This article was prepared for delivery at the Law and Society Meeting, Montreal, May 30, 2008. Earlier versions were given at McGill University, November 3, 2006 and at the Center for Public Policy and Administration, University of Massachusetts, Amherst, November 6, 2006. Thanks for prior readings to Christine B. Harrington, Sarah Marusek, Kim DuMornay, and John N. Roberts. This article is part of a larger project on blindness and blindfoldedness in Anglo-American law.
Seeing Jurisdiction: Some Jurisprudential Issues Arising from Law Being “. . . All Over”
Article first published online: 13 MAY 2009
© 2009 The Author. Journal compilation © 2009 Baldy Center for Law and Social Policy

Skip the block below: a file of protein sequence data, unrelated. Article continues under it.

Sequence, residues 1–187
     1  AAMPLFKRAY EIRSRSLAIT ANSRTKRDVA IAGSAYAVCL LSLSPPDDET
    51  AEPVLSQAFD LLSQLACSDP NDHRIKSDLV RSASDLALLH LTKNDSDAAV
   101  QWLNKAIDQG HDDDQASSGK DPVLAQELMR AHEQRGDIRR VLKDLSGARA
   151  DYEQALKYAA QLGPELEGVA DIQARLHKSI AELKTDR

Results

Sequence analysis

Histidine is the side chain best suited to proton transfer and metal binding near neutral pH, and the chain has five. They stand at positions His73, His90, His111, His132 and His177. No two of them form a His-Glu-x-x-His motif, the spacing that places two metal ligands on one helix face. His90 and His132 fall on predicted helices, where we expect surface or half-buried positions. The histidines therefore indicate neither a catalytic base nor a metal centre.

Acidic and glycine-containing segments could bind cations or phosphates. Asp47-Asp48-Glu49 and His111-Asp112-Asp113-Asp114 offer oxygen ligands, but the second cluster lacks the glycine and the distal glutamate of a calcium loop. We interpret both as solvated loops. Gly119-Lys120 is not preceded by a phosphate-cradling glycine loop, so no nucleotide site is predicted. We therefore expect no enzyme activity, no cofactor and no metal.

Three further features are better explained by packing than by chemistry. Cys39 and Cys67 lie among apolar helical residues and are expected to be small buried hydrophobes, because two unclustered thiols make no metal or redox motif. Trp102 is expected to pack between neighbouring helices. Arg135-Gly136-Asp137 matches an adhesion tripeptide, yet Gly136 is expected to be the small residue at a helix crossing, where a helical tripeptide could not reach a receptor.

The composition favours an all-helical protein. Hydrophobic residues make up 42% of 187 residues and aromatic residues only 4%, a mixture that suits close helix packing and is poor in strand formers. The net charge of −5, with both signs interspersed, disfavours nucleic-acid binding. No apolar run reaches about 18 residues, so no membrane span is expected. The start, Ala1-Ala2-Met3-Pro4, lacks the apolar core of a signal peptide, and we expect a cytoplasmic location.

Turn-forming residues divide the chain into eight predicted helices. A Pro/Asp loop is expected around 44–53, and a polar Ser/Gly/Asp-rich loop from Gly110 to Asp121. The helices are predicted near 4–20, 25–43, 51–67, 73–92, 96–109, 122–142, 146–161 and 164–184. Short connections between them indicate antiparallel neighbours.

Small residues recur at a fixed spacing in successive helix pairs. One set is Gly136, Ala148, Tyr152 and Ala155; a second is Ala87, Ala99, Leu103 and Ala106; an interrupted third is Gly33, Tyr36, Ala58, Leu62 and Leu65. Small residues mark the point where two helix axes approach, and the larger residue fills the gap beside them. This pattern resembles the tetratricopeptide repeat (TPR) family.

Law & Policy
Volume 31, Issue 4, pages 381–404, October 2009
How to Cite
BRIGHAM, J. (2009), Seeing Jurisdiction: Some Jurisprudential Issues Arising from Law Being “. . . All Over”. Law & Policy, 31: 381–404. doi: 10.1111/j.1467-9930.2009.00302.x
- Issue published online: 15 SEP 2009
- Article first published online: 13 MAY 2009
This article asks, “If law is all over, why don't we see it?” It takes seriously the fact that we see law in lawyers and buildings and police, but that there is more law out there. In this sense law is like religion, politics, and economics. It is an activity where various senses come into play. With law, we can learn to see more than we do. Jurisdiction is one of the easier areas of law to see. The article develops some of the distinctive ways we see jurisdiction and some of the ways seeing jurisdiction allows for more widespread participation in lawmaking. The article argues against our tendency to trivialize the law that we see.